Cross-listed with: HLC-510.  
RHB-513:  Couples and Family Counseling  (3 Credits)  
Pre-requisite(s): RHB-508 and RHB-509 are required.  

The course traces the history of systems theory as it evolved within several disciplines and how it is applied to the treatment of couples and families. Students explore multiple theories that frame the foundation for practice with families including general systems theory. Students focus on family culture, family structure and process, the family life cycle, and the relationship between the family and its environment. Issues of ethnicity, gender, socioeconomic status, and varying family forms are discussed.

Cross-listed with: HLC-513.  
RHB-515:  Assessment and Treatment Planning  (3 Credits)  

Students learn foundational concepts of assessment, treatment planning, and clinical interviewing methods. Through reading, class discussion, and solving case studies, students practice how to identify and assess the psychological, cultural, psychosocial, and behavioral factors that cause dysfunction in individuals and family systems. Students learn how to set goals and make plans that integrate clinical and holistic models that address symptoms, support the whole person, and promote optimal functioning and well-being. This course introduces psychometrics and common assessment formats to enable a student to arrive at a DSM-5 diagnosis. This course increases clinical decision making through traditional evidence-based theories, body-centered psychotherapies, and process-oriented models for treatment.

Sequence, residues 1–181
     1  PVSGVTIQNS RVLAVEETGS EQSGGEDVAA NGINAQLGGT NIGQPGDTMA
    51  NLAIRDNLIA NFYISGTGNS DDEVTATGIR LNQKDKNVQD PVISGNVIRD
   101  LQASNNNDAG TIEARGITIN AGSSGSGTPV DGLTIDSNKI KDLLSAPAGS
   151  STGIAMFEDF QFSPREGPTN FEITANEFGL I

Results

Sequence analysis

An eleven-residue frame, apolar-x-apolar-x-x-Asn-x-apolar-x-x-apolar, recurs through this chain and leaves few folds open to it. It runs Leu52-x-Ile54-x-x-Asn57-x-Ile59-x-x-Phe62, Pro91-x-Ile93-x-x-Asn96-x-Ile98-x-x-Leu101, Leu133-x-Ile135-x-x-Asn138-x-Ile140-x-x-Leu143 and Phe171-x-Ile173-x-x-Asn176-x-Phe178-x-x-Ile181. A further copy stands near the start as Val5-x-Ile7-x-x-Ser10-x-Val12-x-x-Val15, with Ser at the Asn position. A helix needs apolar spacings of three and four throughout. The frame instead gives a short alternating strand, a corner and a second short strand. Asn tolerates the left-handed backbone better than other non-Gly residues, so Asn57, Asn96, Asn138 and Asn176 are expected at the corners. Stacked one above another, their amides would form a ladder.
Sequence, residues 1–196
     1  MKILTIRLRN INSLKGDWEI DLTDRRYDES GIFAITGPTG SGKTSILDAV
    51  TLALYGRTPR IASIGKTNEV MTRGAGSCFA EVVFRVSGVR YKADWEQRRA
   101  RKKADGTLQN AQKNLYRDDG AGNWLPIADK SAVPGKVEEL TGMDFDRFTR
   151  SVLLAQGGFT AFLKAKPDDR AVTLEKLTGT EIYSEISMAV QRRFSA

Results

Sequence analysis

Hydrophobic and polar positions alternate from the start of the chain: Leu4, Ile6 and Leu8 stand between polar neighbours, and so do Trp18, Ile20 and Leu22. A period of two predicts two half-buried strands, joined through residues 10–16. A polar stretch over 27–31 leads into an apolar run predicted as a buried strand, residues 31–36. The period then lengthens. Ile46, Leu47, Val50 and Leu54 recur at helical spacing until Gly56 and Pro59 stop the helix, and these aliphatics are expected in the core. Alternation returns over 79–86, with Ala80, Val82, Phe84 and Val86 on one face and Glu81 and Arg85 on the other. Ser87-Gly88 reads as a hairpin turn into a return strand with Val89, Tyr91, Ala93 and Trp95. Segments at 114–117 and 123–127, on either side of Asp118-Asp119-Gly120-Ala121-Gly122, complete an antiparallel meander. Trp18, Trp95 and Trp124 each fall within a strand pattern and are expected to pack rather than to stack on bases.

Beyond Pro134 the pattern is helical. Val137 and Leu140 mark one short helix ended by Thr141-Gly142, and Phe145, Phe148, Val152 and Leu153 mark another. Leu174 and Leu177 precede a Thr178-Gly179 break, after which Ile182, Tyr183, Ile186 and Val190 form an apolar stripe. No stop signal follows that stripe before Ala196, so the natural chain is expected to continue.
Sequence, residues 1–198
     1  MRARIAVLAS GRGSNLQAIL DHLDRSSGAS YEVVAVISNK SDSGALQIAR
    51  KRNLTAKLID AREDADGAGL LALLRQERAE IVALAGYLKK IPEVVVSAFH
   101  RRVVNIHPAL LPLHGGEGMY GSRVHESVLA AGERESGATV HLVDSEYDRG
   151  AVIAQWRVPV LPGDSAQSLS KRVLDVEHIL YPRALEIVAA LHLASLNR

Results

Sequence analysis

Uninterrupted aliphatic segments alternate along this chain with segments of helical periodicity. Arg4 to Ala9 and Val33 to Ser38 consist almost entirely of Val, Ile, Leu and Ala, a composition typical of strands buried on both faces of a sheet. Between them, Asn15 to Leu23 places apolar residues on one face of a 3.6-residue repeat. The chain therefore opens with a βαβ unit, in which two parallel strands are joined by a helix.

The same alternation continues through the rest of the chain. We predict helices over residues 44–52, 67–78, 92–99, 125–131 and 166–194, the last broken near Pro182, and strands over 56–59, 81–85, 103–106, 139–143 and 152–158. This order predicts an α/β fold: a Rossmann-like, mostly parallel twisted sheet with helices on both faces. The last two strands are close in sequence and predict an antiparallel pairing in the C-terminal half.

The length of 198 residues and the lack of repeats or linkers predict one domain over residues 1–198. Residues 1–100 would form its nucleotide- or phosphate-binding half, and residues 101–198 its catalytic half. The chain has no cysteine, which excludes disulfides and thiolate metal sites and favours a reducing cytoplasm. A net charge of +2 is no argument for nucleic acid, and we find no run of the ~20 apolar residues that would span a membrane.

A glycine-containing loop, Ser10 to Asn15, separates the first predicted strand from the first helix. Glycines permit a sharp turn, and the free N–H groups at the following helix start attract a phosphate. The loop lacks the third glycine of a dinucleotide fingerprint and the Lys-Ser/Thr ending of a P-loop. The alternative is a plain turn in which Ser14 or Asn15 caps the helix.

Cross-listed with: HLC-515  
RHB-516:  Group Counseling and Group Work  (3 Credits)  
Pre-requisite(s): RHB-508, RHB-509, and RHB-510 are required.  

The study of small groups is multi-faceted and cuts across many social science disciplines. This course provides a framework through which to view group development as it applies to the helping professions. The course will provide practical experiences in group process, group interventions, and group facilitation. Students learn to identify different group types, establish group norms, understand the evolution of a typical group, and become familiar with ethical issues and standards of practice in group work. Students practice leading a group under supervision in the classroom, also.